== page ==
For the most part, I’ve deliberately avoided photographing bums, drunks, drunks, and crazy people. There are a few of them around, and they would certainly create some dramatic pictures; but they generally don’t want to be photographed, and I don’t want to feel like I’m taking advantage of them. I’m still looking for opportunities to take some "sympathetic" pictures of such people, which might inspire others to reach out and help them. We’ll see how it goes …

The only other thing I’ve noticed, thus far, is that while there are lots of interesting people to photograph, there are far, far, far more people who are not so interesting. They’re probably fine people, and they might even be more interesting than the ones I’ve photographed … but there was just nothing memorable about them.


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Nokia N900 Call Blocker – Install Guide – HD

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Call Blocking App/Script for the Nokia N900! Please comment – Rate – Subscribe :) Instructions —————- Step 1. Open the App Manager, click on the title Application manager, then on the button Application catalogues, then click on New. Fill the new repository data with the information below and click Save. Catalogue name: Maemo Extras-Devel Web address: repository.maemo.org Distribution: fremantle Components: free non-free Step 2. Tap/press on Download button then search and install maemo-python-device-env to install python. Step 3. Open notepad or any simple txt editor on ur pc and enter in the telephone numbers you would like to block, for example: 07………. 0161…….. You can have as many as you like in there. jst press enter after every number you type. Then save the file as BlockedCallers.txt Step 4. Download the callblocker script file here: www.mynokiaworld.com Extract the zip file, there will only be 1 file in there. Now copy callblock.py and BlockedCallers.txt into the root of N900. Then simply run X Terminal on the N900 and type in the following commands: Root (press enter) python /home/user/MyDocs/callblock.py & (press enter) If you didnt get any error messages then u have done it correctly an it shud be working. Now just test it! :) Any problems then let me know and ill do my best to help.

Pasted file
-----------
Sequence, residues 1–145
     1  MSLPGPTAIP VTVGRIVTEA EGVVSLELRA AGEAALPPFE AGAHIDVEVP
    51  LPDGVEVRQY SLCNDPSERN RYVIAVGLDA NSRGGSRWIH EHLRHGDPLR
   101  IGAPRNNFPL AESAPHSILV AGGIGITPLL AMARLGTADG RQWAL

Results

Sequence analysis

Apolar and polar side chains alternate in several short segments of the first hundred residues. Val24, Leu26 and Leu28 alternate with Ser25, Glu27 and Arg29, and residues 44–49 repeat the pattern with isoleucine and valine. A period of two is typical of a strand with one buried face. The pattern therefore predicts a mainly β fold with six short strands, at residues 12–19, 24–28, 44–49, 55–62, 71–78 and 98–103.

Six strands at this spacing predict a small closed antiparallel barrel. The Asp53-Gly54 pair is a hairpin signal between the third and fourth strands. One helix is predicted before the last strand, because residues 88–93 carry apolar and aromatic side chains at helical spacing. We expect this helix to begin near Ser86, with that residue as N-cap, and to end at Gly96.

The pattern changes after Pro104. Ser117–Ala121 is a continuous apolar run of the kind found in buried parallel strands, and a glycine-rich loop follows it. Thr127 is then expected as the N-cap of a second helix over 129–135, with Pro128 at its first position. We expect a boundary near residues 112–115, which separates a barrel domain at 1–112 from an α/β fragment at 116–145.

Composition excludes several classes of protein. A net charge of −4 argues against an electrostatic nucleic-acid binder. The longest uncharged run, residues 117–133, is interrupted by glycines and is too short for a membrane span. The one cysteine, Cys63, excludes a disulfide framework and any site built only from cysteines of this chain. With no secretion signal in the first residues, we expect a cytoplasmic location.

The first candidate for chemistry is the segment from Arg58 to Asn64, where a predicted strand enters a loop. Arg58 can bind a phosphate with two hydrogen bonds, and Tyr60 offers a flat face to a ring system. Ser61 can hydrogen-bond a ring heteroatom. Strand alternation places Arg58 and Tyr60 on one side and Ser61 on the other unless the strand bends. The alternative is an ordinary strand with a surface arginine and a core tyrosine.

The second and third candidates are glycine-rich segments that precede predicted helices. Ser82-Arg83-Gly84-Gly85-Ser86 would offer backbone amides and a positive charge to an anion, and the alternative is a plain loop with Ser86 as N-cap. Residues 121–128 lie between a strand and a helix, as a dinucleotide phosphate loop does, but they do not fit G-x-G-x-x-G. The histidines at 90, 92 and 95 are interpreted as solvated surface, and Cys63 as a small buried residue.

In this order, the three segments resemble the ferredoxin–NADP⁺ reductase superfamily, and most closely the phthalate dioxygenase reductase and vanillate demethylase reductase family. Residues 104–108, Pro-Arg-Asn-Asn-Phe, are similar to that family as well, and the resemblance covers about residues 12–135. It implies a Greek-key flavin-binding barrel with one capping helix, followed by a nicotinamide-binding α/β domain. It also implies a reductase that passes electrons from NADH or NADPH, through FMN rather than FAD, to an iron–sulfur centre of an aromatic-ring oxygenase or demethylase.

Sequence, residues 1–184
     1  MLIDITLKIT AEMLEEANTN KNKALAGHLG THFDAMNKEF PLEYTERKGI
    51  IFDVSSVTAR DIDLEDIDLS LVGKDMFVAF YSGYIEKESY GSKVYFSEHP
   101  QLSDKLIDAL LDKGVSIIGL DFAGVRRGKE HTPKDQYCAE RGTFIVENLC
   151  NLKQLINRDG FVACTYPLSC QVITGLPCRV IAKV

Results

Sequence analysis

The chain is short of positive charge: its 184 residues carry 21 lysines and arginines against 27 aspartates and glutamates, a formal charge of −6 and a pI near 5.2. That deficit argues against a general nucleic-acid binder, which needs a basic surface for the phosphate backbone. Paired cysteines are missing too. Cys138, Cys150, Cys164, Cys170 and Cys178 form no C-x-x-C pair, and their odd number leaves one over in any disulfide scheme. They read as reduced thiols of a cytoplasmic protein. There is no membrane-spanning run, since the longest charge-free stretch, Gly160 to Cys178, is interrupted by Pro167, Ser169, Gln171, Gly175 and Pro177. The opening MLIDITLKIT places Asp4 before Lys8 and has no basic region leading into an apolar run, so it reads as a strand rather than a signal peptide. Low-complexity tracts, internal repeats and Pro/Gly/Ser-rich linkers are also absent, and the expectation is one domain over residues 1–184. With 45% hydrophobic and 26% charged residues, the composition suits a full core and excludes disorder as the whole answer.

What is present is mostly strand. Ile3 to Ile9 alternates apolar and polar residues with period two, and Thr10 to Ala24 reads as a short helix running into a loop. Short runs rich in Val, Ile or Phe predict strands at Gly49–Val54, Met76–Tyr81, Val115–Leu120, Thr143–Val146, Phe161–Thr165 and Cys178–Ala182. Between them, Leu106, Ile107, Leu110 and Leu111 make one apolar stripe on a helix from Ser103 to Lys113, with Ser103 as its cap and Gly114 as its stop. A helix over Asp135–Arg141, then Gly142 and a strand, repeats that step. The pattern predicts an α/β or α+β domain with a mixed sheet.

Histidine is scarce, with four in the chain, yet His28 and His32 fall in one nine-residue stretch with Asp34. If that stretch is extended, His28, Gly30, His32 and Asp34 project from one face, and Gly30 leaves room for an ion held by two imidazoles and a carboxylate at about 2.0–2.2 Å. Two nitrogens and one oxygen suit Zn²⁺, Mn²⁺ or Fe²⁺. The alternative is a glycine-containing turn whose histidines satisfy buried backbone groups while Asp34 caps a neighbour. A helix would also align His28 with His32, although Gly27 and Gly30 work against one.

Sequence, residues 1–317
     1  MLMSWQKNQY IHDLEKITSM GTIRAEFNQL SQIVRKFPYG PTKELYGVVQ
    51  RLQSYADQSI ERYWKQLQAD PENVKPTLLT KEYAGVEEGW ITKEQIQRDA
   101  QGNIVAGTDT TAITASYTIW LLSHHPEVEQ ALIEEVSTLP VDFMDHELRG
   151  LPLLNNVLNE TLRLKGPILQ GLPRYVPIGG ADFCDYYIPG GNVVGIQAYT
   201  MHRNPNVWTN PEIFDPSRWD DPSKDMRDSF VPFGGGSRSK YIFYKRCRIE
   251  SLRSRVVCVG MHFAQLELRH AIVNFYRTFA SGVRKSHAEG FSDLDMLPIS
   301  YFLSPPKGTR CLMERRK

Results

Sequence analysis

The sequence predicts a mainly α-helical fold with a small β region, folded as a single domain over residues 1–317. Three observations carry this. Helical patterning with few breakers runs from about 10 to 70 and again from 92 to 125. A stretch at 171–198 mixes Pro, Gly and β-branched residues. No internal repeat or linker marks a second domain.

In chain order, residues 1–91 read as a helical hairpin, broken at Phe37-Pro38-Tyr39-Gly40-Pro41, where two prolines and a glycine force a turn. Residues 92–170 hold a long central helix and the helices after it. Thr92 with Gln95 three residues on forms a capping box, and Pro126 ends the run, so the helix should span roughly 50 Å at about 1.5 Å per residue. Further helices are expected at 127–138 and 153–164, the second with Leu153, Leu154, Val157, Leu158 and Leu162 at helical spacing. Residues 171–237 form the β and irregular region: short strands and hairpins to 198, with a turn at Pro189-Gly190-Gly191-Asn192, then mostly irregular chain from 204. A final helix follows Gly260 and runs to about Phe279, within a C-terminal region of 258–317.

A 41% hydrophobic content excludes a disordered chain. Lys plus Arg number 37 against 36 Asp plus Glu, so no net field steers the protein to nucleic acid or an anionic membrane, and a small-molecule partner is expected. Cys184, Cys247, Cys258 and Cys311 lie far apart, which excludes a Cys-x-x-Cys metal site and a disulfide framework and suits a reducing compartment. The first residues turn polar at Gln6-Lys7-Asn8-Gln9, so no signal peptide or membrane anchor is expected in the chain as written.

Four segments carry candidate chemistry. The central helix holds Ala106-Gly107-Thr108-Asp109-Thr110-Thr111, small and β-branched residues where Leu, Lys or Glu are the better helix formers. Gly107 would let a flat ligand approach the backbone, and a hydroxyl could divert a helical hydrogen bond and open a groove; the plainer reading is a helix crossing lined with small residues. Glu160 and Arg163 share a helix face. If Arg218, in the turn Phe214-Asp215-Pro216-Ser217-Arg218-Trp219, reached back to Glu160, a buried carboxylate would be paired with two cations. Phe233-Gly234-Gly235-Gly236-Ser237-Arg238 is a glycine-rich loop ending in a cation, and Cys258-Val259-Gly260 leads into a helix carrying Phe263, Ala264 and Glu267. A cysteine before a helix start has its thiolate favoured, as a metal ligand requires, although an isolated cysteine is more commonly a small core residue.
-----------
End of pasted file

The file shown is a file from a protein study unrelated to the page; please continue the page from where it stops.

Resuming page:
Video Rating: 4 / 5